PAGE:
Date panel in Sussex Street, Nottingham.

By Mr. John C. Warren.

IN the interesting and valuable paper, entitled "Notes on the Domestic Architecture of old Nottingham," which Mr. H. Gill contributed to the Society's Transactions for the year 1907, reference is made to the date panel on an old brick house in Sussex Street (the Turncalf Alley of earlier days), and a representation of this panel, which is now reproduced, was given. Mr. Gill suggested with great apparent probability, that this plate, on which are the letters "W.P." and the date "1656," might indicate the house of William Petty, Bridge-master in that year. This surmise, however, would seem to be incorrect, for the writer of this note has had the opportunity recently of examining the deeds relating to the property in question—dating back some two hundred and sixty years—and they show that the premises then belonged to one William Lealand. The mark on the top of the panel, which may be readily mistaken for an ornamental device, represents the letter "L," and the initials are those of William and Phoebe Lealand. William Lealand was a dyer in Nottingham, and on the 28th of May, 1632 married Phoebe Smith, at St. Peter's Church, in that town.

By an Indenture of Feoffment, dated the 25th of October "in the year of our Lord, according to the account now used in England," 1655, Anthony Malyn, described as an "Inholder," conveyed to this William Lealand a close of some five acres, "formerly parcel of the Grayfriars," situate between" a way or lane leading to a passage or footbridge called Leen Bridge or Dyehouse Bridge, on the East," a "parcel of ground enclosed called the Fryars Close on the West," and the River Leen on the South, and also a house, "commonly called the Dyehouse situate near unto the River Leen in the aforesaid close in the tenure of William Lealand."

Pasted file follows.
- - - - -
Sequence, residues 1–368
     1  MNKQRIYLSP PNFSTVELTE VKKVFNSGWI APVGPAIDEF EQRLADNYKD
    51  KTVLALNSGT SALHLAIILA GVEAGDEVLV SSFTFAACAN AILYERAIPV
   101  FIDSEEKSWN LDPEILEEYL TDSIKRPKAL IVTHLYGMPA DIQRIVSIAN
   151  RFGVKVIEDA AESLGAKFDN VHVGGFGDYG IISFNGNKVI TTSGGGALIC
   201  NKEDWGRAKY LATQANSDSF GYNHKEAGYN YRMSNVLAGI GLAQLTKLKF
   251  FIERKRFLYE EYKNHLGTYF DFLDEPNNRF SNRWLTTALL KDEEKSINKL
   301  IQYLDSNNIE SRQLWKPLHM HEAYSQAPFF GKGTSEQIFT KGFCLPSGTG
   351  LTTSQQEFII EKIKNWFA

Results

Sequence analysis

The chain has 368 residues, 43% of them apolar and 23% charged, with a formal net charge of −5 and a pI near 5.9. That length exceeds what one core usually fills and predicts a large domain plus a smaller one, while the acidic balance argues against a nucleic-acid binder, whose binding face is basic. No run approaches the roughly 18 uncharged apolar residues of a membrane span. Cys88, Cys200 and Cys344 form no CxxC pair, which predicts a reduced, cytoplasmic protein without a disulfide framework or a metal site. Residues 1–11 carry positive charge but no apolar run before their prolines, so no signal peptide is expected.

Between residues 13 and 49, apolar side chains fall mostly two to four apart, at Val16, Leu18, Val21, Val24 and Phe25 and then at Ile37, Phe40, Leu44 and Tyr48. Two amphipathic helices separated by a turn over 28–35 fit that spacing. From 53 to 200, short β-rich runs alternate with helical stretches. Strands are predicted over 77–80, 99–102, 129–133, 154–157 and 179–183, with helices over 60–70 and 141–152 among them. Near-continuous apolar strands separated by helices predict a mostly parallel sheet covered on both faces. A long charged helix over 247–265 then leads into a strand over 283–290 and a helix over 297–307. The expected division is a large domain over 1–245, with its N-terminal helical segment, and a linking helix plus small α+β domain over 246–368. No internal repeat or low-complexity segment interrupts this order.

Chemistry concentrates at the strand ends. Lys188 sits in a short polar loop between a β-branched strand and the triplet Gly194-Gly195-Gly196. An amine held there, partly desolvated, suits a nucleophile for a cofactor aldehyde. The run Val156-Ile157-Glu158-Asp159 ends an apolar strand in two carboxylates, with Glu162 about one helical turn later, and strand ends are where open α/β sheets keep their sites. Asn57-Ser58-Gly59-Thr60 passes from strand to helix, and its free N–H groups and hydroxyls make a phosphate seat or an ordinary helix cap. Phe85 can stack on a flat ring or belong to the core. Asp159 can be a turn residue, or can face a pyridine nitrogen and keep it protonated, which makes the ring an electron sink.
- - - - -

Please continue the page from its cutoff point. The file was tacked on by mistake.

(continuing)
It is scarcely possible now-a-days to picture Nottingham at the time when all the district south of Castle Gate and the Broad and Narrow Marsh, right away to the Trent, was green meadow-land.

On part of this close, fronting the lane leading to the footbridge, William Lealand built his house in the following year, and commemorated the event by the date panel in question.

It may be of interest to refer briefly to the subsequent dealings with the property.

By his Will, dated the 2nd September, 1669, William Lealand, who is therein described as of "the Towne and Countey of the Towne of Nottingham, dier," after a more than usually lengthy exordium, embracing, among other things, the statement that it is "God's Holy will and comandment for every man to sett his house in order in this earthly tabernacle before he depart this naturall life," makes various gifts, and then proceeds, "Item, I give and bequeath unto William Lealand my third sonne All that capital messuage or tenement with the appurtenances where I now inhabite and dwell and the diehouse and the little close thereunto belonging."

The name of the testator's wife, Phoebe, does not appear in the Will, so she was then presumably dead, but a daughter "Phebie," and two granddaughters of the same name, are mentioned, and support the correctness of the interpretation given above of the initial "P" on the date panel.

William Lealand, the son, sold the property to his eldest brother, John Lealand, from whom it passed to another brother, Samuel Lealand, and then to the latter's son. This son sold it in 1717 to Edmund Wildbore, a member of the well-known Nottingham family of dyers of that name. In the conveyance the house is again dealt with under the old description, and the lane is referred to as before, but the close, which was then only about two acres in extent, is called "Tenter Close or Dyehouse Croft." Turncalf Alley, as the name of the lane, is not used in any deed prior to 1784.

In the Will of William Lealand are references to Broad Marsh, Narrow Marsh, and "St. Nichas Church Stile," and in a somewhat later document Wheeler Gate appears as " Wheelwright Gate."

The changes of the time are well illustrated by a covenant against incumbrances in the Indenture of 1655, where the property is declared to be free from all "amorciaments seizures debts and duties to the late King Charles, and to the late Keepers of the Liberty of England, or the now Lord Protector of the Common Wealth of England, Scotland, Ireland and the Dominions thereunto belonging."